CPT 11042. This code continues to address the debridement of wounds down to and including subcutaneous tissue. However, the descriptor has changed to debridement of subcutaneous tissue (which includes epidermis and dermis) for the first 20 cm² or less. Again, as with CPT codes 97597 and 97598, this code is for aggregate size of similar wounds (based upon the type of tissue debrided) for the first 20 cm² or less, not per wound.
CPT 11045. This is a new code that was squeezed in between CPT 11042 and 11043 (it is out of sequence). This code is also for debridement of subcutaneous tissue (including epidermis and dermis) but clinicians can use this code for each additional 20 cm² increments or part thereof. One can bill this code in multiple increments. Again, do not use any modifiers when billing this code in conjunction with 11042 unless other procedures dictate the use of a modifier.
CPT 11043. This has been changed to debridement of muscle and/or fascia (includes epidermis, dermis and subcutaneous tissue, if performed). This applies to the first 20 cm2 or less.
CPT 11046. This is a new code that was squeezed in between 11043 and 11044 (it is out of sequence). Its description is debridement, muscle and/or fascia (includes epidermis, dermis and subcutaneous tissue) for each additional 20 cm² or part thereof. Bill this code in conjunction with CPT 11043.
CPT 11044. This has been changed to debridement of bone (includes epidermis, dermis, subcutaneous tissue, muscle and/or fascia, if performed). It applies to the first 20 cm² or less.
CPT 11047. This is a new code for debridement of bone (includes epidermis, dermis, subcutaneous tissue, muscle and/or fascia) for each additional 20 cm² or part thereof. Bill this code in conjunction with CPT 11044.
In summary, select the CPT codes 97597/97598 and 11042-11047 based upon the following three criteria.
1) The type of tissue debrided, not necessarily the depth of the wound. If you only debride subcutaneous tissue on a wound that has bone exposed, you would still only bill CPT 11042 as subcutaneous tissue is what you debrided from the wound.
2) The aggregate size of the wounds based upon 20 cm² increments, not the number of individual wounds.
3) If there are multiple wounds from which you have debrided a different tissue type, lump all similar wounds (based on the type of tissue you have debrided) together.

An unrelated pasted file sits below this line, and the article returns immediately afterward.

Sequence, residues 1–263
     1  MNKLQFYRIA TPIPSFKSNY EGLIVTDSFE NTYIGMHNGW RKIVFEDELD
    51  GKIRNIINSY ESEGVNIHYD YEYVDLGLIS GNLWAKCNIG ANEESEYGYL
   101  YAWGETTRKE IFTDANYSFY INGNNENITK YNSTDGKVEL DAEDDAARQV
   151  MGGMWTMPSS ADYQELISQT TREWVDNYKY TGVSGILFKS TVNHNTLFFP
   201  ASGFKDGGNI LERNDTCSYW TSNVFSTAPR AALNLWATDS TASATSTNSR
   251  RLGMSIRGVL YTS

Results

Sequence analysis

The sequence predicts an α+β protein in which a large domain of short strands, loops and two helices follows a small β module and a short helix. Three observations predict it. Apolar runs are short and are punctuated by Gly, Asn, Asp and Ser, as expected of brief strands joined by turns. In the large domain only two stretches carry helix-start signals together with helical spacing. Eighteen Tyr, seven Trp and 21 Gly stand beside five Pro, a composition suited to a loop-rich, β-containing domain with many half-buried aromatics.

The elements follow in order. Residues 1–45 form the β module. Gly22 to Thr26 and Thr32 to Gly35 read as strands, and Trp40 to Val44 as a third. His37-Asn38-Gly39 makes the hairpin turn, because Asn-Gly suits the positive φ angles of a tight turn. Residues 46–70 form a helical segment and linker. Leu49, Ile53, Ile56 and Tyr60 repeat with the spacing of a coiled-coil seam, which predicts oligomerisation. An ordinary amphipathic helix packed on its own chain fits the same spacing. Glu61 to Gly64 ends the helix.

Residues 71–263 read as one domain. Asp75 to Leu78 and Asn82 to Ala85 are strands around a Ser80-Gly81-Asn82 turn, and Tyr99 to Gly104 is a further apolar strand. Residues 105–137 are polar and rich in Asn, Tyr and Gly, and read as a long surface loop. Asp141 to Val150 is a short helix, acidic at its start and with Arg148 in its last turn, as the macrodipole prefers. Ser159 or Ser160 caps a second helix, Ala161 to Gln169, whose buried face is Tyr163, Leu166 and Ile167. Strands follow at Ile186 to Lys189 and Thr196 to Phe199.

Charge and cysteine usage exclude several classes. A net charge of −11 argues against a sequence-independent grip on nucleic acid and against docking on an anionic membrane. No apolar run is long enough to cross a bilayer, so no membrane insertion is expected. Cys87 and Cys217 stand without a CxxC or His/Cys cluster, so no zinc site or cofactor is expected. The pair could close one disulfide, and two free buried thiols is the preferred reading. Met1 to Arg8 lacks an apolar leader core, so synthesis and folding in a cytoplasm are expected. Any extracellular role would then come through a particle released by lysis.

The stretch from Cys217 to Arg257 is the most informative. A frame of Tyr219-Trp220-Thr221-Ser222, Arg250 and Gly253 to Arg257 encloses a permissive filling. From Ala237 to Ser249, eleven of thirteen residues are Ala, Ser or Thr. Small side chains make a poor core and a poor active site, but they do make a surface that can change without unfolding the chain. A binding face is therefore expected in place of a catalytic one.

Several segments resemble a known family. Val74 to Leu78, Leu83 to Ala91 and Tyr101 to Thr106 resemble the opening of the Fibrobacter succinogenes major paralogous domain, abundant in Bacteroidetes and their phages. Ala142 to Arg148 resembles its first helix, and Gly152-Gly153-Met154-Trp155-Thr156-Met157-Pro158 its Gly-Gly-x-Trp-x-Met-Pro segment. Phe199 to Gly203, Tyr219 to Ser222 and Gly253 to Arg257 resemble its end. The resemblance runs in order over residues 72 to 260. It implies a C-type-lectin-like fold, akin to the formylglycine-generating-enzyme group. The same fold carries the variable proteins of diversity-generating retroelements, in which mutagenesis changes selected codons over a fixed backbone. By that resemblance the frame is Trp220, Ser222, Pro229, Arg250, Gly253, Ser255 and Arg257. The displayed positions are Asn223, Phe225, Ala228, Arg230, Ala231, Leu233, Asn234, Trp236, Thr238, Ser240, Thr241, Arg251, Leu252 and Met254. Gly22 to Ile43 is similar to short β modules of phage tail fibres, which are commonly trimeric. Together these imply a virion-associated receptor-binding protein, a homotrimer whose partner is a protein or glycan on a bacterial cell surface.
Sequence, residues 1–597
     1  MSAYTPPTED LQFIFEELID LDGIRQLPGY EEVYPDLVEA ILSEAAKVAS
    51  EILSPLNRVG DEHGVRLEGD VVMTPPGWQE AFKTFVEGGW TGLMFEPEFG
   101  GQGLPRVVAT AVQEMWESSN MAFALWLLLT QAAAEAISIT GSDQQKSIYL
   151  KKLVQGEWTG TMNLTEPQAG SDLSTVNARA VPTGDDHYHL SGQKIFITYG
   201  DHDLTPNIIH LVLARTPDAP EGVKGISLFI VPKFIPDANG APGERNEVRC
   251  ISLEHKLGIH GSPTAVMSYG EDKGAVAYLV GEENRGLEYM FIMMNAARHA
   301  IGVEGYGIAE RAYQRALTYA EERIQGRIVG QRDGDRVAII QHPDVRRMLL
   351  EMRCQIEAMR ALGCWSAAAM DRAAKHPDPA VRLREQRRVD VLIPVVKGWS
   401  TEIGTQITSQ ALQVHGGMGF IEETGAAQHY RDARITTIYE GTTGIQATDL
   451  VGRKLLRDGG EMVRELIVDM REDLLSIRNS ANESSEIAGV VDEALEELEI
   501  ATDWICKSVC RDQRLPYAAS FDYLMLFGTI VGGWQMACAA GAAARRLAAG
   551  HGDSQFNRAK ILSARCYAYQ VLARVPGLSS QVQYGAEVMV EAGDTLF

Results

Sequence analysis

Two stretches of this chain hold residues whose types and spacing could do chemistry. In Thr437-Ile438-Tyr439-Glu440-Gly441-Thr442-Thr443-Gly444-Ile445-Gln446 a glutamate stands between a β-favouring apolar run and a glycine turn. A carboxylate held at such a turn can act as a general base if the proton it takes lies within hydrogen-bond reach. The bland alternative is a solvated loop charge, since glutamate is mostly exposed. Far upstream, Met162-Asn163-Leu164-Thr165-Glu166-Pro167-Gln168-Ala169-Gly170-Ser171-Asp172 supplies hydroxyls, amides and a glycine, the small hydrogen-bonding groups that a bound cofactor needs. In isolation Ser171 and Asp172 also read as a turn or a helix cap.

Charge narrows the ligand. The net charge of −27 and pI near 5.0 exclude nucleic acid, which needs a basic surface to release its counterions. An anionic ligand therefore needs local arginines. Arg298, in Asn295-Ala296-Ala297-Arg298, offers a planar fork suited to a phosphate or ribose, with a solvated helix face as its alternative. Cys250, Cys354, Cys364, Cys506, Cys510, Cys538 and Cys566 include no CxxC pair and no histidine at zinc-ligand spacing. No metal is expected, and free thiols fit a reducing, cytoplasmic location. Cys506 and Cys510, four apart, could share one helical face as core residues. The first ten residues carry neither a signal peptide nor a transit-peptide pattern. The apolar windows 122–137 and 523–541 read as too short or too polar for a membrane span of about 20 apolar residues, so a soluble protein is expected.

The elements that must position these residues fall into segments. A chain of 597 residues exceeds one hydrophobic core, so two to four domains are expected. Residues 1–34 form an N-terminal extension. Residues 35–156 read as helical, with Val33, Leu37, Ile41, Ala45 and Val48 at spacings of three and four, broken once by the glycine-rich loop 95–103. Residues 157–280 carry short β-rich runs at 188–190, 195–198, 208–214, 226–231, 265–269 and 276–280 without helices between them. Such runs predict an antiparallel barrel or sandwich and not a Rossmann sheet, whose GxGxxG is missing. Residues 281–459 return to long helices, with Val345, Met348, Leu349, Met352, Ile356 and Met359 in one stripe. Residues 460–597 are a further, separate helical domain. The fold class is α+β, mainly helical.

For example, if debriding bone from wound #1 (< 20 cm²), bill CPT 11044. If debriding muscle from wound #2 (<20 cm²), then also bill CPT 11043 -59 for the second wound since you are debriding different tissue. Append the lesser debridement code with the 59 modifier.
On the other hand, if the above scenario includes debridement of bone from wound #1 (<20 cm²) and debridement of muscle from multiple wounds with an aggregate of 30 cm², billing would be CPT 11044 for wound #1 (<20 cm²) and CPT 11043-59 (for the first 20 cm²) along with CPT 11046 for the additional >20 cm2 debrided for the other combined similar wounds.
You can mix and match all combinations of CPT code 11042-11047 based upon the tissue you have debrided and the aggregate size of the wounds. Use 59 modifiers to separate out each principal debridement code (versus add-on codes).
The global period for all debridement codes is now “zero” days. Keep in mind that the wound debridement codes may still be impacted from the global period of other procedures (such as amputation or other surgery) you may have performed.
Preparing a wound for application of skin grafts, skin substitutes or skin flaps may require tissue debridement. Applying a negative pressure wound therapy (NPWT) device may also require tissue debridement. The goal is that wounds treated with these modalities will heal by primary intention or NPWT. Use CPT codes 15002-15005 for tissue debridement for this. These codes are listed in 100 cm² increments.
Do not use these codes for wounds in which the intent is that they will heal by secondary intention. For these wounds, use the active wound care codes, which are CPT 97597-97598 and 11042-11047.
Do not use CPT codes 15002-15005 in conjunction with the application of tissue cultured allogenic skin substitutes.
Clinicians commonly use vacuum assisted closure (VAC) devices as adjunctive therapy after wound debridement. The two codes for the application of the VAC device are: CPT 97605 for a wound diameter of less than or equal to 50 cm² and CPT 97606 for wounds greater than 50 cm². CPT 97606 is not an add-on code so do not bill these two codes together. Only bill one or the other.
When billing these codes, you must list your national provider identifier (NPI) number in box 17 in order to receive payment.
Dr. Poggio is a California Podiatric Medicine Association Liaison to Palmetto GBA Medicare J1 MAC and is a medical consultant to several national health insurance and review organizations. He is a member of the American College of Podiatric Medical Reviewers and is board certified by the American Board of Podiatric Medicine and the American Board of Podiatric Orthopedics.
For further reading, see “Key Pearls On Coding For Bunionectomies” in the February 2010 issue of Podiatry Today or “Key Coding Insights For Skin And Wound Conditions” in the October 2004 issue.